HAVANA TIMES, July 3 (IPS) — The Cuban economy is seeking to deal with a vicious circle: there can be no wage raise because production volumes do not grow, and production volumes do not grow because there is no wage raise.
The central government undertook a process to increase labor efficiency and pay wages depending on actual results. The conditions necessary for this purpose, however, were not created and such a process has failed to bear fruit.
Local people got used to produce and/or provide services without thinking about quality because they had their wages paid in full at the end of the month anyway.
Many of them can not understand now the idea behind Resolution No. 09 of 2008 on Rules and Regulations over Payment Systems and Modalities, which was issued by the Ministry of Labor and Social Security.
When the economic crisis reached rock bottom in the early 1990s, foreign currency incentives started to be provided in certain sectors and ministries in order to boost production and export.
The socialist principle of distribution was left aside, and this caused many problems, stressed Salvador Valdés, secretary general of the Central Organization of Cuban Trade Unions.
Over 1.2 million people were working under the new systems and receiving an additional 162 pesos a month by last March. These systems need to be further discussed and clarified to guarantee smooth implementation at all companies.
Before the resolution was passed, around 900 companies were visited. Innumerable deficiencies were detected in payment systems, which were not in keeping with labor characteristics and specificities, he added.
Some workers have expressed concern over the fact that those who are not directly involved in production now have higher wages than those who are. This is not fair, he indicated.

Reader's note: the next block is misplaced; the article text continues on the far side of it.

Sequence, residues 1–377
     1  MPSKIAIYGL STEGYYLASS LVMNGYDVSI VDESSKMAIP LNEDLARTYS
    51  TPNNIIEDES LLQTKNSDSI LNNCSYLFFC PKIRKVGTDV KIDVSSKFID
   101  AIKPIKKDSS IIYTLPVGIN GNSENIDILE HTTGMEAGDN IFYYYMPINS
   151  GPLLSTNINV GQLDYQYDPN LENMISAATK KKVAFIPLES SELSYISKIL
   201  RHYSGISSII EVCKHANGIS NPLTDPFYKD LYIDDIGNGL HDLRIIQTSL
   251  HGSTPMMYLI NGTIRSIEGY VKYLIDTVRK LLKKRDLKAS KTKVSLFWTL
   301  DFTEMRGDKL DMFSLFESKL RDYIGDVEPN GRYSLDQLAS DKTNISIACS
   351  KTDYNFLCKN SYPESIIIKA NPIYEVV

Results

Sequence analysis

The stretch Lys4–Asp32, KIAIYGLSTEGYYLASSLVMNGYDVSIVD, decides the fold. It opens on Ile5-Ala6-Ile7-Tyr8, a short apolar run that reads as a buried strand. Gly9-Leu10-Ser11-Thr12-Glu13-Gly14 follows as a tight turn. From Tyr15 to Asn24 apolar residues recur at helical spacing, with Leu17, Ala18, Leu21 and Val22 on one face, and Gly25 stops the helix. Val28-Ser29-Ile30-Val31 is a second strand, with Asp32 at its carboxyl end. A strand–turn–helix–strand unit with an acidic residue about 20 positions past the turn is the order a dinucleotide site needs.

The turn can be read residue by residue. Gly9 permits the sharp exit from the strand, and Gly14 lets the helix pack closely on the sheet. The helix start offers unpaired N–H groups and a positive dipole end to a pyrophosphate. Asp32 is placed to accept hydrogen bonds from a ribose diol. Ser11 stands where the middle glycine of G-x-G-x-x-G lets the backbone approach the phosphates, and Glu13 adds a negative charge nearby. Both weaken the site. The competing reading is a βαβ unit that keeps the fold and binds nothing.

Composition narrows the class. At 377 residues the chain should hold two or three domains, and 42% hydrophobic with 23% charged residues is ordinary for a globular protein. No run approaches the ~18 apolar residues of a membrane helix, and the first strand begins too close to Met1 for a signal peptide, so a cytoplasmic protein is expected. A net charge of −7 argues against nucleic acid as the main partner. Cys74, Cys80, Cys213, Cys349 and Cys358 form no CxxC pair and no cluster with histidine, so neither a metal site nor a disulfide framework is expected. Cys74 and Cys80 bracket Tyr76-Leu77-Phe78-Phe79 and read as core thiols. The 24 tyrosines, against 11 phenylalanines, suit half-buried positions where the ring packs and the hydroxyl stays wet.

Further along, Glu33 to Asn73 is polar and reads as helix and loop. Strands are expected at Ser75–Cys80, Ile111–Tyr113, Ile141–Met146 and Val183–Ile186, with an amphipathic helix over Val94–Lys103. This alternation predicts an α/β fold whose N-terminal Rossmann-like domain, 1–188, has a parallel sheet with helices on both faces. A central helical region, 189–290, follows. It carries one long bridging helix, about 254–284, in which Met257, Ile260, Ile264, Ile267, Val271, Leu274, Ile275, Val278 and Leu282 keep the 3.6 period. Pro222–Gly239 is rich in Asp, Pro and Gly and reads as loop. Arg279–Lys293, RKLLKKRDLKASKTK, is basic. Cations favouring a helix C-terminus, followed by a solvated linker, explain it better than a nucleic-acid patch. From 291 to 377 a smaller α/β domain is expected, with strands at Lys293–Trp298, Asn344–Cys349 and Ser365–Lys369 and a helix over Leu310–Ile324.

Trying for a Uniform Wage Policy
The new instrument is not only related to wages but also to ideological considerations, he noted. Wages can either encourage or discourage workers, he emphasized.
Deputy Minister of Labor and Social Security Carlos Mateu said that the idea is to implement the same wage policy at all companies and pay wages depending on actual results.
This modality had been applied in the past, but it had merely focused on profits, sales and/or revenues. The aim now is to set no limit on wages to exceed production plans wherever possible, he added.
There is a 30 per cent wage ceiling for CEOs, technicians and specialists in economic and commercial activities and human resource management, he stressed.
If relevant indicators are met, company managers and agency heads are empowered to pay an additional five per cent over base wages, he stated.
The resolution will come into force next August at the companies that are not yet implementing the so-called Business Improvement Plan, he said.
The resolution provides a tool to increase production and improve services, he stressed.
Mixed Feelings among Workers
As no technical training has been provided to company managers prior to the introduction of the new systems, a wide range of problems have arisen.
While workers at some companies are really excited and hope that productivity and income will grow, people at other companies are not very sure about the real outcome.
When the resolution was issued in February 2008, President Raúl Castro highlighted the need for wages to play the role they are expected to and for standards of living to be in line with legal income.